You had better keep working on that budget, because your pay raise might not be much this year.
MarketWatch reports that, on average, employers only expect to give out raises of 2.9% in 2013. That is higher than the last three years, but not by much. In 2010 they expected to give raises of 2.3%. In 2011 and 2012, they estimated an average raise of 2.7%.
With unemployment still fairly high, firms aren’t having to compete for workers, which means they can keep pay raises low. In a better economy, they would have to compete for the few remaining workers, luring them in through higher base pay.
What Does This Mean for Me?
When you’re thinking about how a raise will affect you, you have to keep in mind inflation, since it decreases the buying power of your salary. Your goal is to at least keep pace with the rising cost of living, and ideally beat it. You do that by getting a raise that is higher than inflation.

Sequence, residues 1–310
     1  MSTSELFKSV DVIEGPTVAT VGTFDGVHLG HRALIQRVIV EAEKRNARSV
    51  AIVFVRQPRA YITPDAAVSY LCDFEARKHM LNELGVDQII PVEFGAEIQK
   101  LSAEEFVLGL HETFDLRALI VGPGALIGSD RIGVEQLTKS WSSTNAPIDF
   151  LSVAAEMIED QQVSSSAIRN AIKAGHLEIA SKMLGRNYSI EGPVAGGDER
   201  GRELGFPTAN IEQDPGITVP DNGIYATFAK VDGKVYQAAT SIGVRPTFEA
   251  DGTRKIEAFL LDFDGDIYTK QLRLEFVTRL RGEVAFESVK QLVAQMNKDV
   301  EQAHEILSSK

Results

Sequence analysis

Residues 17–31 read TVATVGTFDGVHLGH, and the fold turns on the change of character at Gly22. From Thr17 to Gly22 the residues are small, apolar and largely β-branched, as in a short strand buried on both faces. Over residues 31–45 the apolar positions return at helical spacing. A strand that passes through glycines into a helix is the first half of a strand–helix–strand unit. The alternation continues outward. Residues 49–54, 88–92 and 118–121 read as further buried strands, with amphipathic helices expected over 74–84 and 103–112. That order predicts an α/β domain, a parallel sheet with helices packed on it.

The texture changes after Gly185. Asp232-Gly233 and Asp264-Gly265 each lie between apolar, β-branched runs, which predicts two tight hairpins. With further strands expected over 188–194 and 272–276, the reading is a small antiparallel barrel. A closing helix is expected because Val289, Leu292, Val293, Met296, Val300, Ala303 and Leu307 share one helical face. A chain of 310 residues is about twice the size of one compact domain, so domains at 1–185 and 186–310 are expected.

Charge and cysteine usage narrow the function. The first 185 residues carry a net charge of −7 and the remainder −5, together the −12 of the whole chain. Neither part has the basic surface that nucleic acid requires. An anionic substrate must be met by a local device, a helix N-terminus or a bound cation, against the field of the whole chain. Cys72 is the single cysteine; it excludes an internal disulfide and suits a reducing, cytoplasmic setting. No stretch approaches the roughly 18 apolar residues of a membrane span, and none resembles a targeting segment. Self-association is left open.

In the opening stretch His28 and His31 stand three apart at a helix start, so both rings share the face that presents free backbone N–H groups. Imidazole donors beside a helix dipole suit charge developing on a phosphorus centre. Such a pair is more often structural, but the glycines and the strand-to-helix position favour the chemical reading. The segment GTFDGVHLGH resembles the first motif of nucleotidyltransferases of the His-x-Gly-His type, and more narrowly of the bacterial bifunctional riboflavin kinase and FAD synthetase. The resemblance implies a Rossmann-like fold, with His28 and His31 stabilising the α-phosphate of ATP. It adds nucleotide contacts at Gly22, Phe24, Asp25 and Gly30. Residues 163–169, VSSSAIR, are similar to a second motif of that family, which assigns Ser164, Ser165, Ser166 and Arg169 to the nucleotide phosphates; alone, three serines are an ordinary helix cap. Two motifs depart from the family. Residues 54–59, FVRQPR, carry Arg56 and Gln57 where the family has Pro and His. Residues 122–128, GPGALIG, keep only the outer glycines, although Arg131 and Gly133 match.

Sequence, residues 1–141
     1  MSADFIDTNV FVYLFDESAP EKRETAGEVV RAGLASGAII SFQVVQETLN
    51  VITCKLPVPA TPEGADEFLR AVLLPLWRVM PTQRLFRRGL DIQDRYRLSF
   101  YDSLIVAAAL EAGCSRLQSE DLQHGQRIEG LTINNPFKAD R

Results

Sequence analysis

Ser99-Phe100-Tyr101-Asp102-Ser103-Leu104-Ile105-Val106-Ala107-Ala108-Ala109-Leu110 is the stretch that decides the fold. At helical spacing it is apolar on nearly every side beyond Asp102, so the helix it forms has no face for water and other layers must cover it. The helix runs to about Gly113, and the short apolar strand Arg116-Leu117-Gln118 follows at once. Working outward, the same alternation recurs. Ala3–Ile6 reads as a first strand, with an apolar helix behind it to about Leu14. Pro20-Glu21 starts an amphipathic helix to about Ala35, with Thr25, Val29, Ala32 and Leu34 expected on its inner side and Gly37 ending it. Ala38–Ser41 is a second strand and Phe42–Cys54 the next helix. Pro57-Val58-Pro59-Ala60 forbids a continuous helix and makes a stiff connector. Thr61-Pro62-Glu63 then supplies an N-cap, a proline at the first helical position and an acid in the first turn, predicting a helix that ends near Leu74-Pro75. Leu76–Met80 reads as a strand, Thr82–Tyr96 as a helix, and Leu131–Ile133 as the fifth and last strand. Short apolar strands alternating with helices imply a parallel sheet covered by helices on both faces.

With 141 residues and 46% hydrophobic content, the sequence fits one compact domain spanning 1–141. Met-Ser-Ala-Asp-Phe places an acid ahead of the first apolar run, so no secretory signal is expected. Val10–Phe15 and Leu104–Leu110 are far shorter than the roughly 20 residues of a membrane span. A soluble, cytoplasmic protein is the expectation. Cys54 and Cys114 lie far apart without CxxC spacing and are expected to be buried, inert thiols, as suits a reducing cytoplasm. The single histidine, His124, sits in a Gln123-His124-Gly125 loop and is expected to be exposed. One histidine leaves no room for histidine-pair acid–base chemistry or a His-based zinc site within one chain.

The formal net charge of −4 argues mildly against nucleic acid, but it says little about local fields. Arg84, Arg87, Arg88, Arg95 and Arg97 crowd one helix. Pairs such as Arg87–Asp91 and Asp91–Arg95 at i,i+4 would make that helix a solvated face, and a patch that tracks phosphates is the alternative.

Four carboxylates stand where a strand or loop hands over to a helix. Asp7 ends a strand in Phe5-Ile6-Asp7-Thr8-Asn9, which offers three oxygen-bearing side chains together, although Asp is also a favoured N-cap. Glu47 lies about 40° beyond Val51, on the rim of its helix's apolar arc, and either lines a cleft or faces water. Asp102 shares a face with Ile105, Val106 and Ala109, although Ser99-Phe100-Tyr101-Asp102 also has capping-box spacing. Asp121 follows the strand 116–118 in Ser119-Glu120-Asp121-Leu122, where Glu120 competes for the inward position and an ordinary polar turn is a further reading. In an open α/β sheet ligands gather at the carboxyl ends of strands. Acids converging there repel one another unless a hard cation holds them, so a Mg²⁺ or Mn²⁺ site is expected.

In 2010, if you got a raise of 2.3%, you would have gotten ahead by just a little, because inflation was at 1.5%. But with inflation at 3% in 2011, if you got the average raise of 2.7%, you would have fallen behind.
Before the recession, average base pay raises were at 5%. But how much raise you might get depends on other factors besides the economy, like what industry you’re in, and, of course, your performance.
Get ahead of inflation–way ahead–by reading all our resources on negotiating for a raise and increasing your income right here.